German court rules IP blocking orders against Lottoland lack legal basis
A court in Germany has decided there is no legal basis for IP blocking orders against Lottoland as issued by Germany’s gambling regulator, the GGL.
The Higher Administrative Court of Rhineland-Palatinate in Koblenz, Germany, declared the GGL’s website blocking order to be unlawful.
In July 2022, the GGL first announced that it had issued IP blocking orders against Lottoland in its fight against unlicensed websites.
Lottoland in turn stressed its right to provide services across borders in the EU and announced it would defend itself “with all legal means, including state liability suits”.
At the beginning of October, the GGL said it had asked additional ISPs to block the Lottoland Group’s websites.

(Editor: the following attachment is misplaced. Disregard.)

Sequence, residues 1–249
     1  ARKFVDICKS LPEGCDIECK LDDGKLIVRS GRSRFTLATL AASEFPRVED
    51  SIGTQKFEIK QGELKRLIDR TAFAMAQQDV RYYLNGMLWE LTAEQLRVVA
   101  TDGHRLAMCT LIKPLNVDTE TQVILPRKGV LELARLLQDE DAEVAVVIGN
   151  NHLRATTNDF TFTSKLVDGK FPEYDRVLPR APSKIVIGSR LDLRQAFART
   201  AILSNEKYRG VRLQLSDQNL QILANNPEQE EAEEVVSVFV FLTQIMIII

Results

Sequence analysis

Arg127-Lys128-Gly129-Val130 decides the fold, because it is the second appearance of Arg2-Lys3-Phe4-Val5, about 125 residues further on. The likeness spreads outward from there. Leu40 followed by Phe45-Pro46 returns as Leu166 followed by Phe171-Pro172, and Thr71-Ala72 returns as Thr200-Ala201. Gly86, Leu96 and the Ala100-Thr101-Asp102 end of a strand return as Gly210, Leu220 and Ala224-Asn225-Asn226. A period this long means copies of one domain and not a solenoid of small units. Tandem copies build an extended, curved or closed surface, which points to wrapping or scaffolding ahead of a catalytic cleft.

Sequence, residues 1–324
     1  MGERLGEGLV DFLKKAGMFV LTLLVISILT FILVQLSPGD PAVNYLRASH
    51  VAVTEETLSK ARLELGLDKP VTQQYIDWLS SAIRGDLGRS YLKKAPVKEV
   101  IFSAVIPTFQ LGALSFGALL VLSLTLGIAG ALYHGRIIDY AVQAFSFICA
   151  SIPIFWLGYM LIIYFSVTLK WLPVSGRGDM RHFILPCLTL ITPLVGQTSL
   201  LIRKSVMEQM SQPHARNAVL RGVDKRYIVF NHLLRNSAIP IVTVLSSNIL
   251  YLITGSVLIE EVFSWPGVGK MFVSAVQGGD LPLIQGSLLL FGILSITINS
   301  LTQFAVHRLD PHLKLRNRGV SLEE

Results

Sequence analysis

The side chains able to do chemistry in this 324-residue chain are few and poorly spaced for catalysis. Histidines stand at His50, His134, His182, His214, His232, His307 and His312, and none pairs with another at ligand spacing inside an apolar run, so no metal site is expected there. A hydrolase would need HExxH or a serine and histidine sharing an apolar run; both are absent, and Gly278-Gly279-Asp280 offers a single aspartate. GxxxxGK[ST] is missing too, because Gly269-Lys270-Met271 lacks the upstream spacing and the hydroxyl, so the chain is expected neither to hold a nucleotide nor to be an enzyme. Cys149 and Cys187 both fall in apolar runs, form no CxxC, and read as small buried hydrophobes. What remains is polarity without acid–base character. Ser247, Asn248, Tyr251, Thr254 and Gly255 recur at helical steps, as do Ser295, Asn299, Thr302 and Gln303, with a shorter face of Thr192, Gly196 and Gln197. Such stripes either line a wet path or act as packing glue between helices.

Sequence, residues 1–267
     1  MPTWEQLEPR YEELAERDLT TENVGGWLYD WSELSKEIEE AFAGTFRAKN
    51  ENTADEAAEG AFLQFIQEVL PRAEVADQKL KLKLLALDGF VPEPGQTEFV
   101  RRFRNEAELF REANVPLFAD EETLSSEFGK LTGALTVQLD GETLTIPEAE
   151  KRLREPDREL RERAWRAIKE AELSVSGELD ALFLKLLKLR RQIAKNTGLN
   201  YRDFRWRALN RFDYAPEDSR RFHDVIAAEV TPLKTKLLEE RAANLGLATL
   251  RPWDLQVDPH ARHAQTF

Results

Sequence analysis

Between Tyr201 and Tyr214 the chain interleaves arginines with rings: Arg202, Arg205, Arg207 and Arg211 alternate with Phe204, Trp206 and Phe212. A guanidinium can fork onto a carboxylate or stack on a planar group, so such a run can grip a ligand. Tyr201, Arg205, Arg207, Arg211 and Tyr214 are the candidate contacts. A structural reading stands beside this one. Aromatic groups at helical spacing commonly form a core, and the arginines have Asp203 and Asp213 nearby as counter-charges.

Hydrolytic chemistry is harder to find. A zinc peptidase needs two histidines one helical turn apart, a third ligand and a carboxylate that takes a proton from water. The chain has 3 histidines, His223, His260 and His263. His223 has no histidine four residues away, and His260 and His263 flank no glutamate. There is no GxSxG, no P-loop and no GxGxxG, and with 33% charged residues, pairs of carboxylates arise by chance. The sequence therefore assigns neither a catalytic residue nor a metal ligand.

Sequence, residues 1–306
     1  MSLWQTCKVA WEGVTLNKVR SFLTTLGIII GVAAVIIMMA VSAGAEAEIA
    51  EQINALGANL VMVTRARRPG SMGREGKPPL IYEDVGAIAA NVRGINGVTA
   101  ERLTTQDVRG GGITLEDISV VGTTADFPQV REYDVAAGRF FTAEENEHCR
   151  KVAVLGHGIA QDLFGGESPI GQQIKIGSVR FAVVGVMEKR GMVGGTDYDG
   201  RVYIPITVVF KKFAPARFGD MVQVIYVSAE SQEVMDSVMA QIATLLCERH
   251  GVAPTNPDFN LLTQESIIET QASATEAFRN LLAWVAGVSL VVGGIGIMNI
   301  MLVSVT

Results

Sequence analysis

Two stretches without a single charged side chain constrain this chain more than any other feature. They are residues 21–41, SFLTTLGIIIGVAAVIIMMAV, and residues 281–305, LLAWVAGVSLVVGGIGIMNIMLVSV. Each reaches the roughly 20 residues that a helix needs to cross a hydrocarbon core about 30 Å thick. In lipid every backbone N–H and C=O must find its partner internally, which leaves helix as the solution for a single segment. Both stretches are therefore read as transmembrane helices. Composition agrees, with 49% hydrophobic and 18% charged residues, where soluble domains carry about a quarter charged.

Several ISPs initially refused to follow the GGL’s blocking orders.
One ISP based in Rhineland-Palatinate filed a complaint against the GGL’s orders.
While the Koblenz Administrative Court initially ruled in favour of the GGL, the ISP appealed the decision.
ISP is not responsible
The Higher Administrative Court then found that the blocking order was unlawful because the service provider was not responsible for the gambling offer of Lottoland.
According to the provision of the German Telemedia Act (TMG), service providers are not responsible for third-party information to which they provide access for use, provided they have not initiated the transmission, have not selected the addressee of the transmitted information and have not selected or modified the transmitted information.
None of this was the case, the court found.
This is legally binding decision in an interim proceeding between the GGL and the ISP; however, the decision could still be overturned in the main proceedings.